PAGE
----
x86-based or x64-based version, how can I tell?
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Thread: x86-based or x64-based version, how can I tell?

  1. #1
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    x86-based or x64-based version, how can I tell?

    Greetings,

    My pc had to shutdown and restart while coming out of sleep mode (at least that is the message I received). This is the third or fourth same message I have received in as many weeks. It then advised me to click on a link where I may be able to download a fix for this problem. The link took me to:

    http://support.microsoft.com/kb/2547549#appliesto

    I now have to choose a Windows program fix based on whether or not my operating system is:

    a) All supported x86-based versions of Windows Vista or

    b) All supported x64-based versions of Windows Vista.

    Would someone please instruct me where and how I may find that information on my DELL Inspiron 9400 laptop please so that I can choose the correct one?

    Thanks.

  2. #2
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  3. #3
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    Midnyte, thanks for taking the time to post your reply. However I am unsure if you understood my question because I need to choose between two program fixes, one is for a x86-based version of Windows Vista and the other is for a x64-based versions of Windows Vista as per the link I supplied in my original post.

    Your reply discusses questions related to the 32-bit and 64-bit versions of Windows and does show me how to find which one my pc uses but I do not think it is related to my question (or is it???).

    I know little about computers and that may explain why I fail to understand your reply. Could you shed some light on my dilemna please?

  4. #4
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    From Midknyte's Microsoft link:

    To find out if your computer is running a 32-bit or 64-bit version of Windows in Windows 7 or Windows Vista, do the following:

    1.Open System by clicking the Start button , right-clicking Computer, and then clicking Properties.

    2.Under System, you can view the system type.

    If your computer is running Windows XP, do the following:

    1.Click Start.

    2.Right-click My Computer, and then click Properties.

    •If you don't see "x64 Edition" listed, then you're running the 32-bit version of Windows XP.

    •If "x64 Edition" is listed under System, you're running the 64-bit version of Windows XP.

  5. #5
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    Thanks for your post jdc2000 but I still do not understand how the information regarding a 32-bit or 64-bit version of Windows Vista relates to my question concerning how do I identify whether my pc uses the x86-based version of Windows Vista or the x64-based version.

    Please pardon my ignorance of this subject but I need to choose between two Microsoft program fixes - one runs on the x86-based version of Windows Vista and the other on the x64-based version. How does knowing how to identify whether my pc operates on a 32-bit or 64-bit version of Windows Vista have anything to do with having to choose between a x86-based version or a x64-based version?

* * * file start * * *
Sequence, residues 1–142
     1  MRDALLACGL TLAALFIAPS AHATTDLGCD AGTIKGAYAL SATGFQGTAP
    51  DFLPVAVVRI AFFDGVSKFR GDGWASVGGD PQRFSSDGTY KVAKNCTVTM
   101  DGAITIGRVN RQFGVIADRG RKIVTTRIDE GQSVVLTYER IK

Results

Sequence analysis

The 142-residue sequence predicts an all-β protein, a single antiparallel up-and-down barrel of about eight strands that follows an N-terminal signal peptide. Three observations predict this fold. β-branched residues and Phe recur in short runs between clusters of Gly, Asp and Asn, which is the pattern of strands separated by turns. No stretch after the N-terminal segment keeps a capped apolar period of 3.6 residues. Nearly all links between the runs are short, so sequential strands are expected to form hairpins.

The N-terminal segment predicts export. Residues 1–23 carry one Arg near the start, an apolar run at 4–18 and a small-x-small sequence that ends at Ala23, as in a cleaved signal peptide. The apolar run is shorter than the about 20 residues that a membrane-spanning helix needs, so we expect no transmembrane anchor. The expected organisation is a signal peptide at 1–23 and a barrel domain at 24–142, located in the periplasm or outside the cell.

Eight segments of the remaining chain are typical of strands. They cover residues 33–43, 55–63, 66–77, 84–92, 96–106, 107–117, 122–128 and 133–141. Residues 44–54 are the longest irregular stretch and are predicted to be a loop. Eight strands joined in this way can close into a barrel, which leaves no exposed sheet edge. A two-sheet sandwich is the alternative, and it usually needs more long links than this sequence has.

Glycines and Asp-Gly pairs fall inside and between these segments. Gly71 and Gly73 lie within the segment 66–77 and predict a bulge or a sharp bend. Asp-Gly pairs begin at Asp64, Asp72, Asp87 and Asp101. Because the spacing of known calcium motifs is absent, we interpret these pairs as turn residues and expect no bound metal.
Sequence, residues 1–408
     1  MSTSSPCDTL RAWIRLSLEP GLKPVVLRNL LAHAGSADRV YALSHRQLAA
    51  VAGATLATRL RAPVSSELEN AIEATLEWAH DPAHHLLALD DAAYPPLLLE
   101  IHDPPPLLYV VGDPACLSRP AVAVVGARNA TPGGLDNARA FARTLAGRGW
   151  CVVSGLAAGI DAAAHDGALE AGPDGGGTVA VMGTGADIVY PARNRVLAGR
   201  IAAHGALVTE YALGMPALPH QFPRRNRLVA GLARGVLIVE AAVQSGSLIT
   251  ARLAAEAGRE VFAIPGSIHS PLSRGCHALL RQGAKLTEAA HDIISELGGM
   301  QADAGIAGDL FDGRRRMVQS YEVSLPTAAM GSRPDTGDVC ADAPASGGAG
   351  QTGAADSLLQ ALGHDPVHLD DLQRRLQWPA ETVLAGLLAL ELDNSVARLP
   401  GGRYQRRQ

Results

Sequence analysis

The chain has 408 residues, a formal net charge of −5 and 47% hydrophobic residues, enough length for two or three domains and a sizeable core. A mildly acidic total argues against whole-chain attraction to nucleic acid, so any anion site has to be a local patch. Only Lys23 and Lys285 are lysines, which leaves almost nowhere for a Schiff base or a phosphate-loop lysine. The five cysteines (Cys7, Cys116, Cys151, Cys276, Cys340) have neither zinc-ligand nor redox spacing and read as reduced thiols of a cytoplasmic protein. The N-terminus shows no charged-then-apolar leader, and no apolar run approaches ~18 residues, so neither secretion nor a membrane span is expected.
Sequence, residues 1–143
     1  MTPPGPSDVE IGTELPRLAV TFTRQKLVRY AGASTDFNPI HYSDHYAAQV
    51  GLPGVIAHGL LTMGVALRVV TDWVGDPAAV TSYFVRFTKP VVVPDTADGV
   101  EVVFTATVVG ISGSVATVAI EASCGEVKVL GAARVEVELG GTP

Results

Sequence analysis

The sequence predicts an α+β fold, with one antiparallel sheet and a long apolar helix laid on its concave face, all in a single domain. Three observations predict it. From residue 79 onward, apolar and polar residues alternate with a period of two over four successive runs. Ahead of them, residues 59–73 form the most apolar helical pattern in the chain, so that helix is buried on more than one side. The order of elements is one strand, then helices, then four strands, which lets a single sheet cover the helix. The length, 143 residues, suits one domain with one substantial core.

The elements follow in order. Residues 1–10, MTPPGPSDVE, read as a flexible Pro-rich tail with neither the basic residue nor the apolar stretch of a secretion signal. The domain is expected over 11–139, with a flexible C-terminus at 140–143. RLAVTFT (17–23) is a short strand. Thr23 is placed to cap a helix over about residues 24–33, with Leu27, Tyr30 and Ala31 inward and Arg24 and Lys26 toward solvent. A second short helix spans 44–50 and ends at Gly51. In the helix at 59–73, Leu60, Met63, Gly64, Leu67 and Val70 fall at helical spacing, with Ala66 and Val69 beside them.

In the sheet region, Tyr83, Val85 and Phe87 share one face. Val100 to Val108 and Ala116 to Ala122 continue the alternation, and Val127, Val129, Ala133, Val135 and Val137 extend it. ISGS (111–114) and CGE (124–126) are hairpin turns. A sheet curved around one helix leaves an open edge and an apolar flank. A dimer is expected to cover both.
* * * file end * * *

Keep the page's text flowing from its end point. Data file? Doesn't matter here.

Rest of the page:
By the way, using the info you and Midknyte provided, I was able to determine that my pc uses the 32-bit version of Vista but I still do not know which program fix to choose - the x86-based or x64-based version version of Vista. Do you know which one?

  6. #6
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    Use the x86 updates.

  7. #7
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    x86 = 32-bit
    x64 = 64-bit

  8. #8
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    Click the Start orb, right-click Computer and select Properties.




    If you see "32-bit" like in this pic, you're running the 32-bit version of Windows Vista, so select "x86" over on Microsoft.





    If you see "64-bit" like in this pic, you're running the 64-bit version of Windows Vista, so select "x64" over on Microsoft.



  9. #9
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    Now I get it!

    I really appreciate everyone's help and especially your polite patience with me.

    Thank you very much Midknyte, jdc2000 and SpywareDr.


  10. #10
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    Good to hear you got it figured out. Thanks for posting back.

  11. #11
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    It usually refers to x86 for 32 bit OS and x64 for system with 64 bit.

    Technically x86 simply refers to a family of processors and the instruction set they all use. It doesn't actually say anything specific about data sizes. The term x86 started out as a 16-bit instruction set for 16-bit processors (the 8086 and 8088 processors), then was extended to a 32-bit instruction set for 32-bit processors (80386 and 80486), and now has been extended to a 64-bit instruction set for 64-bit processors. It used to be written as 80x86 to reflect the changing value in the middle of the chip model numbers, but somewhere along the line the 80 in the front was dropped, leaving just x86.

    Brian

  12. #12
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    Please look at the thread date before posting. This thread is over 5 years old.

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